Ms Representation: A powerhouse of talent
This weekly column is a rumination on how women are portrayed in cinema and this week the author takes off from the re-release of Marmadesam and writes about the talented actor, Devadarshini
As Marmadesam makes its way back to the news, what better time to write about the most reliable actor the series gave us? Marmadesam harks back to some of the best years of my life. Back then, we did not have 'cable' TV just Doordarshan. But every Wednesday we would march across from our home to our aunt's home to catch the riveting show. The fabulous Devadarshini who played Reena in the show has since been a favourite of mine. She has had perhaps the most consistent career (and does she age at all?) for a 'character' artiste. She has cross-pollinated easily, flitting in and out of roles, in television and cinema.
Her screen presence, her persona, and her ability to infuse every role she takes on with credibility, have set Devadarshini apart from so many of her peers.
After she was noticed by everyone for her TV roles in two of the biggest success stories of the 90s, Marma Desam and Ramani vs Ramani, the actor's foray into cinema began, slowly but steadily. Across both Telugu and Tamil cinema, Devadarshini has charmed audiences and I feel we are yet to see this actor in a role that lives up to her enormous talent and her effervescence.
Two roles from her impressive outings in recent years, however, stand out; her role in Awe as Parvati (about which I wrote in detail in this very column) and her role in 96 as Trisha and Vijay Sethupathi's friend. Tough as it may have been to steal some of the limelight away from the duo around whom the entire script revolved, Devadarshini managed to give her role that extra something. That extra something that this actor brings to the table is what makes roles seem like they were perhaps written exclusively for her.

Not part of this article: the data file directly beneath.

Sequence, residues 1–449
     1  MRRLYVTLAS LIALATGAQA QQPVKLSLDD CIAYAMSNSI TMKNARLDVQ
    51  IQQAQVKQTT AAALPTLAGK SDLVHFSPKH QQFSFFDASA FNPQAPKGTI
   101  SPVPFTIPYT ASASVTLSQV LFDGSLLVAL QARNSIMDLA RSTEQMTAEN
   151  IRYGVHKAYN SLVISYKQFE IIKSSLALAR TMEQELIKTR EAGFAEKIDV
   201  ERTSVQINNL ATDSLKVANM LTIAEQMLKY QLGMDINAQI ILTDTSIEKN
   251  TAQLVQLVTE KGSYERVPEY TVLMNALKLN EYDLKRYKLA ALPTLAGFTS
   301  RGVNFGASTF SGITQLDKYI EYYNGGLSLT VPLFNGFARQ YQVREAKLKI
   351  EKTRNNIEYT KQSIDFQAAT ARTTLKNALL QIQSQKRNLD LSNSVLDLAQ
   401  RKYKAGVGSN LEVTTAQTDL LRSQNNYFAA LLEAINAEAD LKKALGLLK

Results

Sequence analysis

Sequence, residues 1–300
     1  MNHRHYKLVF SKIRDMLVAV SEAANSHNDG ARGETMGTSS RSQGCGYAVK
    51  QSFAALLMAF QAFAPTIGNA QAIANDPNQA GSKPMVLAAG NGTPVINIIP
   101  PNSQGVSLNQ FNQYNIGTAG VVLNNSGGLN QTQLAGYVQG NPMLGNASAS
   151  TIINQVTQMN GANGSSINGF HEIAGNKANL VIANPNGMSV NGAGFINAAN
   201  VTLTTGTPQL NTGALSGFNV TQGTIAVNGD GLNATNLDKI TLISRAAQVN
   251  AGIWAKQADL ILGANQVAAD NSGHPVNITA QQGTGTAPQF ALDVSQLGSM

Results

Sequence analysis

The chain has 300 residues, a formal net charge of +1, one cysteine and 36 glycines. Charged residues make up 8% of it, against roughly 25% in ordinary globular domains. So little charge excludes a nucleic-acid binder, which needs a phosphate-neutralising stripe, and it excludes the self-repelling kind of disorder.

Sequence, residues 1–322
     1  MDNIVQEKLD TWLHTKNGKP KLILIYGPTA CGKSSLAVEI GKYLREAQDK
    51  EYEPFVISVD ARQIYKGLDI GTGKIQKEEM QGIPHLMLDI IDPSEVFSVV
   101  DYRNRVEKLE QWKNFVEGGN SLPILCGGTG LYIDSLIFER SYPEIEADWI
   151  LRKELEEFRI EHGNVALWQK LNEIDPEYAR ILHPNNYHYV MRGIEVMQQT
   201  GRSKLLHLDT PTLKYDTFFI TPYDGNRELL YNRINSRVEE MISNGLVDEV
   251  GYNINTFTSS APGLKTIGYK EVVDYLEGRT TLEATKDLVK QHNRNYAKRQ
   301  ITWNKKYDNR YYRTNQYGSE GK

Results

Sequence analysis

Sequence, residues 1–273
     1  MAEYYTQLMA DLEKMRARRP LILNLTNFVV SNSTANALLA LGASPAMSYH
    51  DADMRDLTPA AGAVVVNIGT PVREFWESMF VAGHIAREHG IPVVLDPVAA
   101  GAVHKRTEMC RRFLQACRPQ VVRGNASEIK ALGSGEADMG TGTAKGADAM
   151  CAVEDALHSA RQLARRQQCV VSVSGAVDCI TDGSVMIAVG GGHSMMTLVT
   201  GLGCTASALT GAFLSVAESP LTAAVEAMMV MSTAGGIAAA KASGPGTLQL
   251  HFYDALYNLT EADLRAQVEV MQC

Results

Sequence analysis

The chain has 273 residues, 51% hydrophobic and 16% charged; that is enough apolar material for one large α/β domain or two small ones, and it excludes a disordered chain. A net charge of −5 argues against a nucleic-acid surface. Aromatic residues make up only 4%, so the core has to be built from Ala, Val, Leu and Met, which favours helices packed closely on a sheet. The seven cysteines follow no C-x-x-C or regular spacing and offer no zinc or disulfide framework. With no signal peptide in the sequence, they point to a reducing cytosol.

Another role that did justice to the sly, fun, funny, outgoing, and sassy '90s woman' vibe that Devadarshini brings alive on screen was her part as Prasanna's sister in Kanda Naal Mudhal.
Even if great roles are rare to come by — especially for younger women — in our industry, Devadarshini seems to have found the right balance between regularly appearing in films, especially in the comedy genre, and doing roles that stand out. Roles that seem to satisfy the intelligent actor. Roles that go beyond the usual, to create magic. Roles that remain etched in our minds long after time has moved us along. Her in a baggy shirt and her hair in a ponytail in scarf-like hair bands (in Marmadesam), her wearing glasses (in Ramani vs Ramani)… over two decades later. If that isn't the mark of a great actor, what is?
That such fine talent has had to wait for these many years for a director to seek her out and give her a breakout role like the one she played in Awe is a pity. I hope it won’t be years before we see her in a challenging, fun role again. I hope this artiste, who has surprised me with her acting chops, every now and then, will continue to, in the meantime, take on seemingly mundane roles and transform them too into magical outings.